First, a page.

Cisco CLI Switch Command Cheat Sheet

The Cisco Command Line Interface (CLI) is a text-based interface used for configuring and managing Cisco network devices, including switches. The CLI provides a command-driven environment where network administrators can enter commands to perform various configuration, monitoring, and troubleshooting tasks on Cisco switches.

Setting the Administrative Functions 

The administrative functions help you better manage/administer your network and makes troubleshooting much easier. These functions include:

  • Hostnames
  • Passwords
  • Interface descriptions

Now that you have launched the CLI, type in the enable command to enter privileged EXEC mode. Set a Hostname, EXEC mode password, Console password, TELNET (VTY) password, and interface descriptions for the switch as shown in the table below.

Enter privileged EXEC modeSwitch>enable
Enter global configuration modeSwitch#config t
Set a hostnameSwitch(config)#hostname Core-Switch
EXEC mode Password
Set EXEC mode PasswordCore-Switch(config)#enable secret EXEC_P@55w0rd
Console Password
Enter line configuration mode
Set console PasswordCore-Switch(config-line)# password CONSOLE_P@55w0rd
Return to the previous exec modeCore-Switch(config-line)# exit
Telnet (VTY) Password
Enter line configuration modeCore-Switch(config)# line vty 0 15
Set TELNET PasswordCore-Switch(config-line)# password TELNET_P@55w0rd
Core-Switch(config-line)# login
Return to the previous exec modeCore-Switch(config-line)# exit
Interface Descriptions
Enter interface configuration modeCore-Switch(config)#int fa0/1
Set interface description for int. f0/1Core-Switch(config-if)#description 1st Connection to Core Switch
Core-Switch(config-if)#int fa0/2
Set interface description for int. f0/2Core-Switch(config-if)#description 2nd Connection to Core Switch

Configuring the IP Address and Subnet Mask

Since all ports on a switch are enabled by default, there is usually no IP address configured on its interfaces. IP addresses aren’t needed on a switch. The only reason we would set an IP address, mask, and default gateway is for management purposes. The IP address is configured under a logical interface, called a management domain or VLAN. You would typically use the default VLAN 1 to manage a switch, as shown in the example below.

Enter line configuration modeCore-Switch(config)#line vty 0 15
Enter TELNET passwordCore-Switch(config-line)#password TELNET_P@55w0rd
Enter vlan interface configuration modeCore-Switch(config-line)#int vlan 1
Configure an IP address for the interfaceCore-Switch(config-if)#ip address
Enable the interfaceCore-Switch(config-if)#no shut
Return to the previous exec. modeCore-Switch(config-if)#exit
The set message of the day (motd)Core-Switch(config)#banner motd # This is the Core-Switch #
Return to the previous EXEC modeCore-Switch(config)#exit

Setting the IP Default Gateway

If you want to manage your switches from outside your LAN, you need to set a default gateway on the switches, just as you would with a host. The default gateway is essentially the address of the router that the switch will be communicating with. If you don’t configure a default gateway, then VLAN1 will be unable to send traffic to another network. You do this from a global config.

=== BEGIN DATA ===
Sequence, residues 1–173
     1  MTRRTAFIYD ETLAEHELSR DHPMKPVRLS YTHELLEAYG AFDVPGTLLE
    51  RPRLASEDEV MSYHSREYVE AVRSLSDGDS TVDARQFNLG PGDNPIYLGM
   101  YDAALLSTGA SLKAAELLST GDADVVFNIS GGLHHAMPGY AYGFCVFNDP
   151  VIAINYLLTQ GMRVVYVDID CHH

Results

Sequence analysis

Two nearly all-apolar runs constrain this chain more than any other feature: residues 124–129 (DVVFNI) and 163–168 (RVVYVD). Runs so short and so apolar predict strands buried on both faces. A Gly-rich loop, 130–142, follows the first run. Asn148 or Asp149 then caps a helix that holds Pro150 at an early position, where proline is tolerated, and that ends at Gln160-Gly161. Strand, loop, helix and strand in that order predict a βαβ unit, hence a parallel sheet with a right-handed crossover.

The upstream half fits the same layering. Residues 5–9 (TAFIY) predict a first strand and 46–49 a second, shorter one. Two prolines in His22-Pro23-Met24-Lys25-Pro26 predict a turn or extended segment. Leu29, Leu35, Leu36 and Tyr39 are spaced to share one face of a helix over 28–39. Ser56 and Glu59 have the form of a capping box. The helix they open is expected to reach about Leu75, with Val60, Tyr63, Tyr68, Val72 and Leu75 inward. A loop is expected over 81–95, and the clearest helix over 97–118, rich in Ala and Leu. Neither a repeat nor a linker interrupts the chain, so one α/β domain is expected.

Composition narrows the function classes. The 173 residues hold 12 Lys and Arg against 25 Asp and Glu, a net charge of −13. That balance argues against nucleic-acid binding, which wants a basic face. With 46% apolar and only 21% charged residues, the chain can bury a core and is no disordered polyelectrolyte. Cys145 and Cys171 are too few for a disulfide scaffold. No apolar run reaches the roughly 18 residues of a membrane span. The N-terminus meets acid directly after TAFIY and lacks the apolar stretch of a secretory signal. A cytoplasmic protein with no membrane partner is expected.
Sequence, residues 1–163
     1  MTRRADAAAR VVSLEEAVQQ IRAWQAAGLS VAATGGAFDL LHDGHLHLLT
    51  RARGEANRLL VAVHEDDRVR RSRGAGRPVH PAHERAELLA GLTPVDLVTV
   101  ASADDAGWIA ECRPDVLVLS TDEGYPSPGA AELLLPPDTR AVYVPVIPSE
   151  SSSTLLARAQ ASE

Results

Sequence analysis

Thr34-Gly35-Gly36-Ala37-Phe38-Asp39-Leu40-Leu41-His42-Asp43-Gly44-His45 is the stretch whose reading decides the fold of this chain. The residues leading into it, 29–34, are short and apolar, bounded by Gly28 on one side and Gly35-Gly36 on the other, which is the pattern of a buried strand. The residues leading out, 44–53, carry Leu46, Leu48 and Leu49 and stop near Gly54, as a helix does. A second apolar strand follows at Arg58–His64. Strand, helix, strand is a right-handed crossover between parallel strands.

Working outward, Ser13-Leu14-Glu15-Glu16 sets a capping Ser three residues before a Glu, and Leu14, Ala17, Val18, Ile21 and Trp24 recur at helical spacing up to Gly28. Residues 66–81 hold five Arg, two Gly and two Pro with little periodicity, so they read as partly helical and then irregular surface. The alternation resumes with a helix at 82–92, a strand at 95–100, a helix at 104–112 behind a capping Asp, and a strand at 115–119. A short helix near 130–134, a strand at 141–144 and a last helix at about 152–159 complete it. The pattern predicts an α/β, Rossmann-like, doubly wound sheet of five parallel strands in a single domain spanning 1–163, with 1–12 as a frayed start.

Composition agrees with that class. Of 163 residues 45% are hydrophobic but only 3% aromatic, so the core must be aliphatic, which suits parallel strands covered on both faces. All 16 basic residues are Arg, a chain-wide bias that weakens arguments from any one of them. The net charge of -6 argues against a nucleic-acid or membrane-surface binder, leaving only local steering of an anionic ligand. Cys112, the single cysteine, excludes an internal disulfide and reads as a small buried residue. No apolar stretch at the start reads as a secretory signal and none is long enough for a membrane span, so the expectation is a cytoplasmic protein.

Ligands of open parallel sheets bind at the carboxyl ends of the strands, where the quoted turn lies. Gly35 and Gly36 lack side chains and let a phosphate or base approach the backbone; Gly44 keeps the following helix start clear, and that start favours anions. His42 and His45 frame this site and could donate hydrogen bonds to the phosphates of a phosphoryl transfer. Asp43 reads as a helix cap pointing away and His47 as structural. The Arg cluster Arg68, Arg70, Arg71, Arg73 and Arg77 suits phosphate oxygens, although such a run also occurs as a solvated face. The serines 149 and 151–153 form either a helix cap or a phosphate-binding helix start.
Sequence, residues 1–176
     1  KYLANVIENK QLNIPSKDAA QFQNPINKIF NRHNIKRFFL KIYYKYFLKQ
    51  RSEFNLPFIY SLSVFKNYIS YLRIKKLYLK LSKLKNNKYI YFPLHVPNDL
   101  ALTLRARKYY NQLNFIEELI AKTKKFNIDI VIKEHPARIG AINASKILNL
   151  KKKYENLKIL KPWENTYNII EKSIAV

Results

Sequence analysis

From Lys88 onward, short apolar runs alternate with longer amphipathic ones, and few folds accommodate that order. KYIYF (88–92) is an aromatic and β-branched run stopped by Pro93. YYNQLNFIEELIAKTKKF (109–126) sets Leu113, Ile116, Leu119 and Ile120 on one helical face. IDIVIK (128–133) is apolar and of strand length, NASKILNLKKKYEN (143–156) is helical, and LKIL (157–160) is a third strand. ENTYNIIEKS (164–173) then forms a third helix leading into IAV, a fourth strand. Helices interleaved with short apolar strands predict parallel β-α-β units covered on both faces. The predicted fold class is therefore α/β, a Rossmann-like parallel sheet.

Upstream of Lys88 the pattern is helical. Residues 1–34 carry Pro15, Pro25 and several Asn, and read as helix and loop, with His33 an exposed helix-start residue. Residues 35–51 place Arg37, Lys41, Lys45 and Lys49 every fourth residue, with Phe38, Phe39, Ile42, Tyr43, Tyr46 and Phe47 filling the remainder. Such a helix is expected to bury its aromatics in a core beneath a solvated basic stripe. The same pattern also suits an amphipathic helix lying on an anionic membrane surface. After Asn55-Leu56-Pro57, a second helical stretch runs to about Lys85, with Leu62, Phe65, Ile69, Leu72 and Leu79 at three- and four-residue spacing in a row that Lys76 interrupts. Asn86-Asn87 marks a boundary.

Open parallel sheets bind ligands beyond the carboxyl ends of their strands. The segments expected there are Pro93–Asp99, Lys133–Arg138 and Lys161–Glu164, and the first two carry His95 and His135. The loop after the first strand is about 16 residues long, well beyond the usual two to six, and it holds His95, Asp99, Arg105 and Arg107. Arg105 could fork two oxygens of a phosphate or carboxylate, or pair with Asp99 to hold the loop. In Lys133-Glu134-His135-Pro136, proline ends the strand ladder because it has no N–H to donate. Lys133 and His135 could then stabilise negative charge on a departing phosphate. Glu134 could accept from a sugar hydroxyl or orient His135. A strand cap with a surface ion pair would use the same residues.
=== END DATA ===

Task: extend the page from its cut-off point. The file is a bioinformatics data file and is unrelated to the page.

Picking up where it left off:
Enter global configuration modeCore-Switch#config t
Configure default-gatewayCore-Switch(config)#ip default-gateway
Return to the previous exec modeCore-Switch(config)#exit

Setting Port Security

To prevent unauthorized access to your LAN, it is usually advisable to identify and limit the MAC addresses of the workstations that are allowed to access the switch port. Port security is the tool that helps us achieve this.

If you limit the number of secure MAC addresses to one and assign a single secure MAC address, the workstation attached to that port is assured the full bandwidth of the port. If a port is configured as a secure port and the maximum number of secure MAC addresses is reached. When the MAC address of a workstation attempting to access the port is different from any of the identified secure MAC addresses, a security violation occurs.

We have two options for associating MAC addresses with interfaces: static and dynamic. In the static method, we have to manually define the exact MAC address of the host. In the dynamic method, we use the sticky feature (see table below) that allows interfaces to learn MAC addresses automatically until it reaches the maximum number of allowed hosts.

Enter privileged EXEC modeCore-Switch#enable
Enter global configuration modeCore-Switch#config t
Enter interface configuration modeCore-Switch(config)#int range fa0/2-3
Configure port securityCore-Switch(config-if-range)#switchport port-security maximum 1
Configure interface to auto-learn MAC addressCore-Switch(config-if-range)#switchport port-security mac-address sticky

The above commands set port security on ports fa0/2 and fa0/3 to allow a maximum association of one MAC address, and only the first MAC address associated with the port will be able to send frames through the switch. Use the sticky command if you don’t want to manually type in all the MAC addresses of each device. A security violation occurs if a workstation whose MAC address is unrecognized attempts to access the interface. We need to specify what action should be taken for security violations. Three possible modes are available:

  • Protect Frames from non-allowed addresses would be dropped, and no log entry for dropped frames. This mode will only work with sticky options.
  • Restrict Frames from non-allowed addresses would be dropped, and a log entry and security violation alert will be generated.